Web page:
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Wednesday, 14 January 2015

Birdman Or (The Unexpected Virtue Of Ignorance) - Dir. Alejandro González Iñárritu

Creating and expressing ambiguity in film is a complicated trick to perfect: how much can be left unresolved before that original intention for ambiguity becomes lost in disorganised tangle of themes and narrative threads. It’s exciting to see films that can be interpreted in different ways, but each interpretation needs to be clear and defendable. Unfortunately Birdman Or (The Unexpected Virtue Of Ignorance) doesn’t know what it wants to say (or fails to clearly express what it wants to say), despite all of the irrefutably enjoyable things about it. It’s so confused that it can’t even decide if it wants to use its poncey subtitle or not.
The film is great fun, from the slightly knowing performances to the moments of laugh out load humour. It is at its best as an almost farcical look behind the scenes of a Broadway play. The trick of stitching all of the sequences to look like one continuous take works well in the theatre, which is a maze of corridors and cramped spaces.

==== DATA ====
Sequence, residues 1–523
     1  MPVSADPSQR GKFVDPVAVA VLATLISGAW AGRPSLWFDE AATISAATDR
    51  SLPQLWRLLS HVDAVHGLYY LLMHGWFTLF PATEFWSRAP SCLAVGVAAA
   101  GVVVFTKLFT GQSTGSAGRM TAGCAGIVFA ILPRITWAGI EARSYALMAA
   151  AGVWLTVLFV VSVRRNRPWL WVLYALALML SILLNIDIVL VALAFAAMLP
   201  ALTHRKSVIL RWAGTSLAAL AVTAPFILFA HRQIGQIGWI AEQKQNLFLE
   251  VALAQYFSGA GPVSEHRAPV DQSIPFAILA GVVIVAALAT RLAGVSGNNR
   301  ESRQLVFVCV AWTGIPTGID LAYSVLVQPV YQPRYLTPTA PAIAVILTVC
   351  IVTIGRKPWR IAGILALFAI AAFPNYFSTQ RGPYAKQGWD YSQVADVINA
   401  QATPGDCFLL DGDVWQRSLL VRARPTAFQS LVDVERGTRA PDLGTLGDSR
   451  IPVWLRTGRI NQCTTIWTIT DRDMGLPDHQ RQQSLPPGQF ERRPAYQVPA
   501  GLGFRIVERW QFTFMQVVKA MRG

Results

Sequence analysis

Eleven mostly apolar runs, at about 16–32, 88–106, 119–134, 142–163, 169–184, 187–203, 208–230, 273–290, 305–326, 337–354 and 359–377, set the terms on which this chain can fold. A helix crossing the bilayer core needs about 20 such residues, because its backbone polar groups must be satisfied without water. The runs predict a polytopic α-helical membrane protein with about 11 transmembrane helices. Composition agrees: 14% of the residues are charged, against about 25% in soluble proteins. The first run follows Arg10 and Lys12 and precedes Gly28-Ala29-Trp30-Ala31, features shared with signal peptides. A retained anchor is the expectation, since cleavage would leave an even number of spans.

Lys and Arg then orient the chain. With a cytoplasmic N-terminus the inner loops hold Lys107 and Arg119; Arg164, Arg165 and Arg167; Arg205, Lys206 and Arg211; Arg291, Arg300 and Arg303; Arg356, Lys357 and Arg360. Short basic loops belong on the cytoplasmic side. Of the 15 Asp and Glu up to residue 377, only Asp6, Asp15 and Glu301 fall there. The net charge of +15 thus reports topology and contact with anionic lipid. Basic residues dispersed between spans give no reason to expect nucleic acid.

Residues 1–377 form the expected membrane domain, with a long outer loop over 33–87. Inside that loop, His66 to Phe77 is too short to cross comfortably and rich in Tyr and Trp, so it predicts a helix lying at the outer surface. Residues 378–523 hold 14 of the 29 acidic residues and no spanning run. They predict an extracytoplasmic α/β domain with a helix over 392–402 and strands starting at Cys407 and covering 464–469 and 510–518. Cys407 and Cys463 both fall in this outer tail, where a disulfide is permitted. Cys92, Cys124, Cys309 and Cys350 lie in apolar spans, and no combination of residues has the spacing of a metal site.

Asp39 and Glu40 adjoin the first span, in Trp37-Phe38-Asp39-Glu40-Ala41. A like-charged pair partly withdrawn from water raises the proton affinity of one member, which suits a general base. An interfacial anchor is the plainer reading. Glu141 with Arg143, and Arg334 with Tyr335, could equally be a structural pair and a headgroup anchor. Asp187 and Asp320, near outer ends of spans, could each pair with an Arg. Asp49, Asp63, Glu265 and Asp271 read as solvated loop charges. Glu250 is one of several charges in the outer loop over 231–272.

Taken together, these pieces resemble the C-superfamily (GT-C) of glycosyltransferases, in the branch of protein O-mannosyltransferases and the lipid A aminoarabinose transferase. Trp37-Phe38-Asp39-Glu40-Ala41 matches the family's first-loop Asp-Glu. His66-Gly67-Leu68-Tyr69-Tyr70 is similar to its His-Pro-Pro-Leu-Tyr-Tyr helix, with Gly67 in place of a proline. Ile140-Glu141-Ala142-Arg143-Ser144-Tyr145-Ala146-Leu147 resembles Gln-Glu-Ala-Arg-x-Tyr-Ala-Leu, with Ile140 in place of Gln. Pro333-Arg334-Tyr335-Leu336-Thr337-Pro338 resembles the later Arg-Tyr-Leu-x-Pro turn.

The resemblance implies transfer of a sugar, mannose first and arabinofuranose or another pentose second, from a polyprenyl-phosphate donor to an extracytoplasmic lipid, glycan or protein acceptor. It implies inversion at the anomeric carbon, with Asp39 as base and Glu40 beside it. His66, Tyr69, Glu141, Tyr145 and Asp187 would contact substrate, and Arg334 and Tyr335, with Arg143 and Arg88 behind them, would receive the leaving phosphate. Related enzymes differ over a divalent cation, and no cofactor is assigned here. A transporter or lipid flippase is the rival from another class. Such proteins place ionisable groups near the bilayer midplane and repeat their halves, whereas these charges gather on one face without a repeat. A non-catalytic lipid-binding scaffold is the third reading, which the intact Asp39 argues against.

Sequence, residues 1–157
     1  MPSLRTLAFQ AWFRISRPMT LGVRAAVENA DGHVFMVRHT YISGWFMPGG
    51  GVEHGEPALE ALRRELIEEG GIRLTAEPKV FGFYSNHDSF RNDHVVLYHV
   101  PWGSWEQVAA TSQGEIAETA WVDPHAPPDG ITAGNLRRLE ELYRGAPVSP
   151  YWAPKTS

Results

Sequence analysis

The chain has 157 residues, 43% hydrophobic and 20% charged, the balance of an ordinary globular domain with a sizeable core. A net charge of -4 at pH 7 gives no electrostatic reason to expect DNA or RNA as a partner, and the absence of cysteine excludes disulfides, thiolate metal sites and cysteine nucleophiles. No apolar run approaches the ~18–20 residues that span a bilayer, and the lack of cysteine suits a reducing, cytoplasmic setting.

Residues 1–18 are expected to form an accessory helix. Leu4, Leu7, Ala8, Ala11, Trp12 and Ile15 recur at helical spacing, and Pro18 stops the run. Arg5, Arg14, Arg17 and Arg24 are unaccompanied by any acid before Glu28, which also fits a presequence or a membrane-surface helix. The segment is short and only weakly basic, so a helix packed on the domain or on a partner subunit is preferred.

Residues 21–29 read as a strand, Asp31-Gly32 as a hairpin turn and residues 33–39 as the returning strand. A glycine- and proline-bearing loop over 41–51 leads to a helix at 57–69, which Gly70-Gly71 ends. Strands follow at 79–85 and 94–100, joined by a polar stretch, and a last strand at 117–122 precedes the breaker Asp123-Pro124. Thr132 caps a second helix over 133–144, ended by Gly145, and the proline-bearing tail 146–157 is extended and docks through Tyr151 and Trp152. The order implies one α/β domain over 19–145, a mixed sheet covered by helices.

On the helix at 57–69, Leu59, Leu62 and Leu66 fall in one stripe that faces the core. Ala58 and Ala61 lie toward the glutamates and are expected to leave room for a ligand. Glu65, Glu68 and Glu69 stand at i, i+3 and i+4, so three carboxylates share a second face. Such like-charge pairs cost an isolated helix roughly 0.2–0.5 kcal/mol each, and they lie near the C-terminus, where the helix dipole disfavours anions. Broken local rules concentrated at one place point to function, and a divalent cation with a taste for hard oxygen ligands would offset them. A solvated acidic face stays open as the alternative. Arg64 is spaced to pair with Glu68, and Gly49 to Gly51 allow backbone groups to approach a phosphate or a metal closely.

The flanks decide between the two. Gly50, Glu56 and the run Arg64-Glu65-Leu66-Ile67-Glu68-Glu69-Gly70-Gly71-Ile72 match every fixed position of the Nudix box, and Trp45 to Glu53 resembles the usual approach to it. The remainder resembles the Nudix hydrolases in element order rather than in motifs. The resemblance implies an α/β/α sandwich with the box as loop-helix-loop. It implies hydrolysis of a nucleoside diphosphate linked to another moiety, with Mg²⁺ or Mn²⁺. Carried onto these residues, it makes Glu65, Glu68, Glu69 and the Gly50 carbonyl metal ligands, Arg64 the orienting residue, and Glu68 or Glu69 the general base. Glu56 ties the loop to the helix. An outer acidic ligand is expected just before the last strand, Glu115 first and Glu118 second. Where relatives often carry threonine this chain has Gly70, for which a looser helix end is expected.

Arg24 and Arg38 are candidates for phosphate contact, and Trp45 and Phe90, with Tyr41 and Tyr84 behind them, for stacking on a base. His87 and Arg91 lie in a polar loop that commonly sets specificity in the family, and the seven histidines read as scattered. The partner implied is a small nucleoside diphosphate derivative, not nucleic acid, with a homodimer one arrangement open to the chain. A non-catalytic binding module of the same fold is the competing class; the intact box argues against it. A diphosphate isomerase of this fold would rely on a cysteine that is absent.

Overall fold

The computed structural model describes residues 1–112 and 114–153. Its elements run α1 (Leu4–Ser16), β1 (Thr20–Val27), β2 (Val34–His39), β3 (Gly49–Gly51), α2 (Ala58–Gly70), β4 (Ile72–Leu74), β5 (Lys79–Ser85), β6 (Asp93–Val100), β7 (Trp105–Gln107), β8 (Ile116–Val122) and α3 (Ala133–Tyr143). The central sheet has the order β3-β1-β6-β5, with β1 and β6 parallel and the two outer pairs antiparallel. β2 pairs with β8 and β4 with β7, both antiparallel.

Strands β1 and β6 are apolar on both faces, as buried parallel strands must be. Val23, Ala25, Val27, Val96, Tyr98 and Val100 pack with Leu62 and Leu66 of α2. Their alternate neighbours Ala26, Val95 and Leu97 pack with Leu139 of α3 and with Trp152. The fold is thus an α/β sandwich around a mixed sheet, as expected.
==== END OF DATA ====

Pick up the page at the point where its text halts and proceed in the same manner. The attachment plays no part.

Michael Keaton is receiving a lot of praise for his role as depressed actor Riggan Thompson; this is partly because he’s really good and partly because his fall from stardom after portraying Batman in the early 90’s mirrors his character’s struggle after playing Birdman for three movies. In fact, all of the main actors are great, although some of their characters do go missing as the film’s climax approaches.

Similarly as the film progresses and more of the action moves outside of the theatre, the continuous take doesn’t have the same impact and begins to distract from the narrative. By insisting on using the trick for the whole film (bar a couple of shots at the beginning and end), it takes away any reason for doing it in the first place. It’s like handing everybody a prize for participating: everyone goes home happy, but it negates the purpose of handing out prizes in the first place.

As Riggan becomes increasingly delusional the filmmakers stumble in trying to bring out a deeper meaning from the proceedings, particularly with the film’s ending. For the ambiguous ending to work, it should be possible to read it in different ways, but each way needs to be complete and offer a full explanation. Unfortunately the ending of Birdman doesn’t offer any complete interpretations, just half understandings and confused messages. I don’t have to know exactly what happened, but I should be able to offer a full explanation of what happened, even if someone else has a different interpretation that they believe.




Birdman Or (The Unexpected Virtue Of Ignorance) was released in UK cinemas on 2nd January 2015. Images and trailer courtesy of Fox Searchlight.

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